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Skimming Through 11799 Studies for a Minimum Dose of Nature

Ancient advice to students to “get out of the classroom and breath some fresh air” has never been quantified to the satisfaction of people who want to quantify it better. A new study takes a brute-force approach:

Minimum Time Dose in Nature to Positively Impact the Mental Health of College-Aged Students, and How to Measure It: A Scoping Review,” Genevive R. Meredith, Donald A. Rakow, Erin R. B. Eldermire, Cecelia G. Madsen, Steven P. Shelley, and Naomi A. Sachs [pictured here], Frontiers in Psychology, epub 2020.

The authors, at Cornell University and the University of Maryland, explain what they intended to do, and how they went about trying to do it:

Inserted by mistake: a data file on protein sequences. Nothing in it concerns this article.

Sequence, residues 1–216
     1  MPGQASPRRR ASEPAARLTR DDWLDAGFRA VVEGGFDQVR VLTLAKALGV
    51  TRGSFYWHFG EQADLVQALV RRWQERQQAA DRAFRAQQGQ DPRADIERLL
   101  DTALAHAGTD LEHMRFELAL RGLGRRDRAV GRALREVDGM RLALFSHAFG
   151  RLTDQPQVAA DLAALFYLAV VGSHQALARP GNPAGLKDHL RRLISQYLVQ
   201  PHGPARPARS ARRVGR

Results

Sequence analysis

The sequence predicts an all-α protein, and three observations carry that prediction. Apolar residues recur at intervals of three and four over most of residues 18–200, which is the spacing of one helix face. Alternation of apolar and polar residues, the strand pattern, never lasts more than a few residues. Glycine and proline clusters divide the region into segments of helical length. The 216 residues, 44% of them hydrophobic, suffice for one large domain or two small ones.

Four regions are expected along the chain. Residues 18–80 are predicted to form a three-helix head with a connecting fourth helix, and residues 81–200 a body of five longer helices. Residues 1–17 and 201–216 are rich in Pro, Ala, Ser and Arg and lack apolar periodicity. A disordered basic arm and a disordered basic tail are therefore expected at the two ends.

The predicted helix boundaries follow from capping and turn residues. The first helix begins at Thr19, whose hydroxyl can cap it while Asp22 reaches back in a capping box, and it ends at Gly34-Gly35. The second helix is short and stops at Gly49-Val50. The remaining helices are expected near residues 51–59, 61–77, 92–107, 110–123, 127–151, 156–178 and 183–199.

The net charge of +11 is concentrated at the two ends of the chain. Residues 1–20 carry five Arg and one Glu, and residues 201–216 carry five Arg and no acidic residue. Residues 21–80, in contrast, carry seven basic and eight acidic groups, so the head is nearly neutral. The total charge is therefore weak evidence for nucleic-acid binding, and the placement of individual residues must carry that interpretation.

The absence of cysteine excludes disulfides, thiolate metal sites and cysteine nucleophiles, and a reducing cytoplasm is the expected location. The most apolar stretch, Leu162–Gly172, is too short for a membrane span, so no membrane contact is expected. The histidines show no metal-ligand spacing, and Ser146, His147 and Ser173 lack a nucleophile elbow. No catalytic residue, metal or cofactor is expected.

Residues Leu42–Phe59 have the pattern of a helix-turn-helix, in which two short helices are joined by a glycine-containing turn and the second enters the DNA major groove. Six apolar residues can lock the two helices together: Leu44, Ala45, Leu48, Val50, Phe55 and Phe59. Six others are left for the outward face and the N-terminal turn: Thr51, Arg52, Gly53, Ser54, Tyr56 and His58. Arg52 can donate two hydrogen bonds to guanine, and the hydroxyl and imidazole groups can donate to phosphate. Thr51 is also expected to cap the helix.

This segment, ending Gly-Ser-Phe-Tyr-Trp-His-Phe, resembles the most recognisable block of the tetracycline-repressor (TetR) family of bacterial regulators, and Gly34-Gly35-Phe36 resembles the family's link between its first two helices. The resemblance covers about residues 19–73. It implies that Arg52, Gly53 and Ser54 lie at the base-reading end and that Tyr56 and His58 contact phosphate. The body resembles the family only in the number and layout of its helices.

The aim of this study was to define a ‘dose’ of time in nature that could be prescribed to college-age students, as a preventative and supportive mental health and well-being intervention….

Fourteen bibliographic databases were searched and all results were blindly screened using established inclusion criteria…. Initially, 11,799 titles were identified and once de-duplicated, 10,917 titles were screened. One hundred fifty-five papers were given full text reviews, of which 14 studies were included in this review. In summary, 13 of the 14 papers explicitly noted that the participants were college students.

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